The relationships between diet and symptoms of hypoglycemia or hyperglycemia have been recognized since ancient times. Before insulin was discovered, diet was the only way to manage diabetes. In the late 1850s, French physicians recommended consumption of large quantities of sugar as the dietary treatment of diabetes. However, during the Franco-Prussian War (1870s), French physicians noted the disappearance of glycosuria in diabetic patients during rationing of food. Based on this observation (limited food = better diabetes control), the idea of individualized diets to treat diabetes was formulated. In the early 20th century, very precise diets were developed in hopes of controlling diabetes. The focus of the diet was low carbohydrate (20 percent of calories), moderate protein (10 percent of calories), and very high fat (70+ percent of calories). Some of the diets were very low in energy; 500-800 calories/day. There were many ‘fad diets’ such as the ‘oat-cure diet’, ‘milk diet’, ‘rice diet’, but none of them managed blood glucose effectively. Selected individuals found that these limited diet plans were successful, but many patients died a few years after the onset of symptoms from vascular complications of diabetes or infections. Once insulin was discovered, scientists thought they had ‘cured’ diabetes. However, insulin is only part of the treatment for type 1 diabetes and not needed for many with type 2 diabetes.
Diet continues to be the cornerstone of the diabetes treatment plan. In the 1950s the American Diabetes Association, in conjunction with the US Public Health Service, developed the ‘exchange system’. This plan grouped foods of similar macronutrient (carbohydrate, protein and fat) density into groups or exchanges. Diets consisted of a pattern of exchanges for each meal and snack. The patient would select food choices from the different exchange groups. Early forms of the exchange system were rigid and food groups had limited choices. ADA Diet Plans based on calorie level were mass produced. Some readers may remember multiple ADA Diets (1200 Kcal, 1500 Kcal, 1800 Kcal etc.) served on the healthcare facility menu. The complexity of writing the diets and the precision required to correctly serve the diet pattern made the system difficult to follow. ‘Not serving therapeutic diets as ordered’ was a frequent deficiency noted by surveyors.
Research has demonstrated that the amount of carbohydrate eaten affects your blood glucose level more than anything else in the diet. For most patients/residents, the best diet is one consisting of modifying the foods that they are currently eating. Attempts to calibrate a precise macronutrient composition of the diet to control diabetes are generally not supported by the research. For patients with type 2 diabetes, weight management is key and energy restriction may be needed. Second to restricting energy is consistent carbohydrate intake throughout the day.
Food sources of carbohydrate come in three forms.
- Starch -- found in bread, pasta, cereals, grains, potatoes, beans, peas, lentils, and corn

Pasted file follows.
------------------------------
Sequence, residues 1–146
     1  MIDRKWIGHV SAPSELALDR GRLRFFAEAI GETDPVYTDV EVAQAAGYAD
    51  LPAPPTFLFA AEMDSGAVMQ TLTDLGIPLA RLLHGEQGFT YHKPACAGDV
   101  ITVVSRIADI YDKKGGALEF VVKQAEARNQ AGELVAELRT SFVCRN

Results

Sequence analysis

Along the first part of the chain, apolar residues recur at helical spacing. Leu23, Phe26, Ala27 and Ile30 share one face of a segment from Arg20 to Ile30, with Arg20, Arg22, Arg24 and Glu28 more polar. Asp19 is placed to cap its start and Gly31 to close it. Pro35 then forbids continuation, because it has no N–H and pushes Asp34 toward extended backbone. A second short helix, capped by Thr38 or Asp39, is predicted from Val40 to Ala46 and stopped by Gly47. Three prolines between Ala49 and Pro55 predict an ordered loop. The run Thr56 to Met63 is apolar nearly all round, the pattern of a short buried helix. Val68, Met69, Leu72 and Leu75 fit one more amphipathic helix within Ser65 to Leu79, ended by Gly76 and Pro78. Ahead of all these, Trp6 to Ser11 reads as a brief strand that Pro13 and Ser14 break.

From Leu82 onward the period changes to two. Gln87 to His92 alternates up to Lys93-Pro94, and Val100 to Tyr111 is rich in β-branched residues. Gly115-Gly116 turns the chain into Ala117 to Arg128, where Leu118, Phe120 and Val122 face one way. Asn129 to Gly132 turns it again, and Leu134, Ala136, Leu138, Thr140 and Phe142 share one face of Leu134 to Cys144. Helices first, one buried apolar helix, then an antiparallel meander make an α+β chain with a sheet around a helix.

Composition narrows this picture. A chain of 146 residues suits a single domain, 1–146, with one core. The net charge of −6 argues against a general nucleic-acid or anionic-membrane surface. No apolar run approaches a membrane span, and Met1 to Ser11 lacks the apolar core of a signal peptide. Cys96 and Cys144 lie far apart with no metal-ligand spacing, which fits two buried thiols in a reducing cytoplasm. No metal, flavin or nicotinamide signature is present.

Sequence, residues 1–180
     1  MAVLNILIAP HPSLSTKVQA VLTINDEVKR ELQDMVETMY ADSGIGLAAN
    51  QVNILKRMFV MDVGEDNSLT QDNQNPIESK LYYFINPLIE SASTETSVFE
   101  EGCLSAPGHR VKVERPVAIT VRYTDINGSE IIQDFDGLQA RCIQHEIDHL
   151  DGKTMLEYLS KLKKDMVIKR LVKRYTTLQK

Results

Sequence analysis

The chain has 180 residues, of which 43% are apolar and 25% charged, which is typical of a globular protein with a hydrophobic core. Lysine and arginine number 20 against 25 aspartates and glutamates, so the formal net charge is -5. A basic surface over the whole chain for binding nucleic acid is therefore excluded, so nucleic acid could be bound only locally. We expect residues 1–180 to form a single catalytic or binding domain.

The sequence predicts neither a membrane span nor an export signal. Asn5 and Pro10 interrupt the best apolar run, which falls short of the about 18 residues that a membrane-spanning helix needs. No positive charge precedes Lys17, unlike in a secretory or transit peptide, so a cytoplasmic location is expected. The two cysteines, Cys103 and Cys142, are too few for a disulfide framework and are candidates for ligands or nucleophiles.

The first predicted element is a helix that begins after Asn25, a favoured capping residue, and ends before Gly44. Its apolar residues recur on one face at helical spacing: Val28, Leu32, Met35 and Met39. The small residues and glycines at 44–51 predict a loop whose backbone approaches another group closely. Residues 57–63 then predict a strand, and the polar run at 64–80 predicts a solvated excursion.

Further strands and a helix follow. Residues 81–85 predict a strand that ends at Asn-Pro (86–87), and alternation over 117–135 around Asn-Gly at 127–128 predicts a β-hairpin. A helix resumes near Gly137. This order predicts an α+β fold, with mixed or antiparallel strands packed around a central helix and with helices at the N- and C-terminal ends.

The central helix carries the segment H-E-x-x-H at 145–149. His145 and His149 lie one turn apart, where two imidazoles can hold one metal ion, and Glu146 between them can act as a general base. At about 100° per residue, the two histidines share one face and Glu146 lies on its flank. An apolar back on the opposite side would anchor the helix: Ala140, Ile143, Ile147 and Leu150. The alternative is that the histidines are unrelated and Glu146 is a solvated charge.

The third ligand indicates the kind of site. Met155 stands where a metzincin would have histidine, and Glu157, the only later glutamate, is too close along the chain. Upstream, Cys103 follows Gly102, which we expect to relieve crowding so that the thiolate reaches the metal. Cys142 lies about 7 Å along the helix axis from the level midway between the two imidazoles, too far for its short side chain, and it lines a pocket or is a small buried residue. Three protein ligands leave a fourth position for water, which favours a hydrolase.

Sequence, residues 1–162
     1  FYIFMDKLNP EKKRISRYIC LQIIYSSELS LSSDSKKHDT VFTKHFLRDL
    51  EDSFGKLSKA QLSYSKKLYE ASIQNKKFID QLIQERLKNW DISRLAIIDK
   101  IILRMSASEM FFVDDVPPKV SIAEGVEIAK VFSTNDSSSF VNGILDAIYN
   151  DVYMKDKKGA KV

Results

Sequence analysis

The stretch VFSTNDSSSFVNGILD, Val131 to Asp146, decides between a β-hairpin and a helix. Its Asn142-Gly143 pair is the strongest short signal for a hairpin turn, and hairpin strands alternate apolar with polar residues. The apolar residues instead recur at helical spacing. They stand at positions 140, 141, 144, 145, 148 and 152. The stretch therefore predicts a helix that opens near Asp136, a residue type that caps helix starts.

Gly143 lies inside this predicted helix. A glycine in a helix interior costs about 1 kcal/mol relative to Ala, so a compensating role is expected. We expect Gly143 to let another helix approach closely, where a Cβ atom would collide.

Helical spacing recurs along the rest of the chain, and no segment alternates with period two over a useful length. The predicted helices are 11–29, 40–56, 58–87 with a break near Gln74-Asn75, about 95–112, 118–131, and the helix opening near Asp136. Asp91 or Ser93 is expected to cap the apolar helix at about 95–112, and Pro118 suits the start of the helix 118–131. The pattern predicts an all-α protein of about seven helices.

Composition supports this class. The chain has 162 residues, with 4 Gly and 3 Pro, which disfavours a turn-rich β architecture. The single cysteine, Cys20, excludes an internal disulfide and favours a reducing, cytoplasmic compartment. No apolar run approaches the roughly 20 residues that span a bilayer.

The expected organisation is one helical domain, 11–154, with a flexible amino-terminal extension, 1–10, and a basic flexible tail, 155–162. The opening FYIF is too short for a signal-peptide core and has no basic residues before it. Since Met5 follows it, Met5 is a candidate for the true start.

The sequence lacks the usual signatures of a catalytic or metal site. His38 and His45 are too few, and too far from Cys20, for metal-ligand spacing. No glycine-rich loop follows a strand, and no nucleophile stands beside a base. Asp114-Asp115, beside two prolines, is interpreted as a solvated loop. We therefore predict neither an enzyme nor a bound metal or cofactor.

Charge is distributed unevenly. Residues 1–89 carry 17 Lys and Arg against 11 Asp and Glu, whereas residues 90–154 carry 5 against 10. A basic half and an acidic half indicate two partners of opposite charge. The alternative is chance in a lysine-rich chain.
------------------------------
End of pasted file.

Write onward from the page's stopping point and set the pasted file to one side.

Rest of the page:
- Sugar -- found naturally in fruits, milk, and yogurt
- Added Sugar – found in desserts, candy, jams, syrups, and sweetened food products (i.e., cereals, yogurt, beverages, and baked goods)
The American Diabetes Association recommends a Consistent Carbohydrate Diet for patients in an acute care setting. The American Dietetic Association recommends either a Consistent Carbohydrate Diet or liberalized Regular Diet with consistent mealtimes and carbohydrate intake for residents in long term care. The Consistent Carbohydrate Diet does not have a specific calorie level, but is based on a specific amount of carbohydrate served at each meal. The carbohydrate distribution is the same each day. Some individuals may require energy restriction to achieve or maintain desirable weight.
Carbohydrate Counting is a simpler, more flexible method of managing diabetes with diet than the traditional exchange system. Carbohydrate is the primary nutrient affecting blood glucose and insulin levels after a meal or snack. For most adults, dietary carbohydrates in foods affect blood glucose approximately the same when eaten in similar amounts. The Carbohydrate Counting method combines the fruit, starch and milk exchanges into one group. All single servings contain 15 gm of carbohydrate and are counted as one ‘carb’ serving. Meal plans include a specific number of ‘carb’ servings for each meal and snack.
Table 1. Carbohydrate Counting
|15 grams carbohydrate = 1 carbohydrate serving|
|30 grams carbohydrate = 2 carbohydrate serving|
|45 grams carbohydrate = 3 carbohydrate serving|
|60 grams carbohydrate = 4 carbohydrate serving|
Carbohydrate Counting is different from the traditional exchange system in that the pattern of food exchanges per meal may vary from day to day. Under the traditional exchange system, the meal pattern for lunch might include 1 milk exchange, 1 fruit exchange, and two starch exchanges every day for a total of 60 gm of carbohydrate. Using the Carbohydrate Counting system, the meal pattern could vary as long as the meal provided 60 gm of carbohydrate. Some options might include 2 fruit servings and 2 starch servings or 1 milk serving and 3 starch servings for a total of 60 gm of carbohydrate.
It is important to note that a healthy diet contains food from each of the exchange groups. Some patients/residents may experience higher blood glucose levels after consuming certain carbohydrates, especially fruit juices at breakfast.
Implications for Practice
There is no ‘cookie cutter’ approach to managing diabetes. CDMs must work collaboratively with RDs to determine if patients/residents can control their diabetes and weight using a liberalized Regular Diet or a Consistent Carbohydrate Diet. Using the Carbohydrate Counting method will give more flexibility to the menu and more choices of food combinations to meet the prescribed carbohydrate levels.
American Diabetes Association, Standards of Medical Care in Diabetes- 2009. Diabetes Care. 32(Sup 1) S13-S61.
American Diabetes Association, Standards of Medical Care in Diabetes- 2010. Diabetes Care. 33(Sup 1) S11-S61.
Full Accounting of Diabetes and Pre-Diabetes in the U.S. population in 1988-1994 and 2005-2006, Cowie, C. et al. Diabetes Care, 2008 Feb; 32(2):287-294.
Xu J, Kochanek KD, Tejada-Vera B. Deaths: Preliminary data for 2007. National vital statistics reports; vol 58 no 1. Hyattsville, MD: National Center for Health Statistics. 2009. http://www.cdc.gov/nchs/data/nvsr/nvsr58/nvsr58_01.pdf
WHO, 2009, Diabetes http://www.who.int/mediacentre/factsheets/fs312/en/
By Mary D. Litchford, PhD, RD, LDN
Mary D. Litchford, PhD, RD, LDN is a nationally-recognized speaker and the author of various articles and books, including Common Denominators of Declining Nutritional Status.